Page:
Using measurements of the elevation of the Antarctic ice sheet made by a suite of satellites, a group of scientists led by Dr Bert Wouters from the University of Bristol’s Glaciology Center found that the Southern Antarctic Peninsula showed no signs of change up to six years ago. Around 2009, multiple glaciers along a vast [...] —> Read More
At Smith College commencement on Sunday, Juliet García, the first Hispanic woman to run an American college or university, talked about how she found her strength.
García, who stepped down last year after two decades as University of Texas-Brownsville’s president, was named one of Time magazine’s 10 best college presidents in 2009. Under her watch, she said, the school’s physics department added more and more Latino students. Now, the school ranks in the top five among universities graduating the most Latino physics majors.
“There is nothing wrong with the human capital in any of our communities that a little bit of opportunity can’t solve,” said García, who now runs the UT Institute of the Americas.
Several life experiences that could have been considered setbacks — including her mother dying when García was very young — helped the former president become strong.
“Our lives are strengthened not by our accomplishments,” she said, “but more often by our challenges.”
Her power over the years, she said, grew with help from her family, the 40,000 UT-Brownsville students who graduated while she was president and “the great privilege of doing important work in my community on the southern border of the United States.”
She also spoke about the support of her husband, whom she married at 19. García’s father made him promise to make sure she got her bachelor’s degree, and he stayed with her as she achieved that, along with a master’s and doctorate.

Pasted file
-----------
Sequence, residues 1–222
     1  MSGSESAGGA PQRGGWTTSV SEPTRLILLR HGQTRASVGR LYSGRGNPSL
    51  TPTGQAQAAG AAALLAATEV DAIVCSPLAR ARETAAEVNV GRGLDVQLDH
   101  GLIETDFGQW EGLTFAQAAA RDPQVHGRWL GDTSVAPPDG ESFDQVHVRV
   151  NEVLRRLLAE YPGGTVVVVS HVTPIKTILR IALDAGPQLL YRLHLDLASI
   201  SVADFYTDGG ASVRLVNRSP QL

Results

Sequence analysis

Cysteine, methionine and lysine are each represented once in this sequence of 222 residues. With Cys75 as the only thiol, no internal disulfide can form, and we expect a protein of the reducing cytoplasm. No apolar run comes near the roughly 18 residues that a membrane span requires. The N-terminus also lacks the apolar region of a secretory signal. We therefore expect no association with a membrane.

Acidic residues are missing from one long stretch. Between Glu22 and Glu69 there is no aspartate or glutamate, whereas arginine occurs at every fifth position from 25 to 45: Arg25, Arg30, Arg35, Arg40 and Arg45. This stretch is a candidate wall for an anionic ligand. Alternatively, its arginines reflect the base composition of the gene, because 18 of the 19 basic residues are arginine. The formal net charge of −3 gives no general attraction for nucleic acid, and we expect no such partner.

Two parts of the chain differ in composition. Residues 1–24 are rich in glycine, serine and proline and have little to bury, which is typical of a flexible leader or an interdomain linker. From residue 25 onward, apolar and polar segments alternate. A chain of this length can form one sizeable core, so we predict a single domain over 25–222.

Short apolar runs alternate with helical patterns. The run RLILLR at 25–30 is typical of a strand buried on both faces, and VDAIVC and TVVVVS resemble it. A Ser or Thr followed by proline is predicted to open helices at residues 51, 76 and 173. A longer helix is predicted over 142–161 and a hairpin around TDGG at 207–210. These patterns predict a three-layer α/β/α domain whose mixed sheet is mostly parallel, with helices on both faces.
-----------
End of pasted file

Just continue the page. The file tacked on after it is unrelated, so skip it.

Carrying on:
García said she has felt tired of representing both women and Latinos in higher education, as she is often the only person from either category at events. But a colleague told her that it was her responsibility to represent them until others can take their place at the table, and she has honored that.
“We must use [the opportunity —> Read More
Host: Fraser Cain (@fcain)
Special Guest:Dr. Rhys Taylor, Former Arecibo Post Doc; Current research involves looking for galaxies in the 21cm waveband.
Morgan Rehnberg (cosmicchatter.org / @MorganRehnberg )
Alessondra Springmann (@sondy)
Read the rest of Weekly Space Hangout – May 23, 2015: Dr. Rhys Taylor (426 words)
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But rather than focus on the past, The Huffington Post caught up with them after the ceremony in New York Monday night to ask about how the world has changed since 1993, when Wired launched, and what they expect from the future.
How do you think the world has changed in terms of how people interact with technology and how they care about technology?
Louis Rossetto: It was a small community inventing the future almost in isolation from each other, and Wired helped unify that community. That community has now grown to all the people using this technology, all the ones who care about what’s the next thing. We used to say our mission was to roam across the horizon of time and come back with a fresh kill from the future. And that mission is still valid because everybody wants to know what’s coming next.
Jane Metcalfe: Well, I think everybody wanting to know what’s coming next is perhaps relatively new. I mean, when we launched back in the early ‘90s there were fewer people who kind of cared about what technology was doing, where it was going, and there was less focus on the future.
LR: I think everybody is living in the future now.
JM: Right, I mean, this is the future. When we started, the future was 2000 — the year 2000. [Laughs]
LR: I feel like all the stuff that we’re doing, things are preoccupying us — whether it’s genetics or whether its drones or whether it’s artificial intelligence or intelligence amplified or 3D printing or biomedicine — all of those things even 25 years ago were still, you know, science —> Read More
Climate change fiction for youngsters is ‘taking off in a big way’ according to activists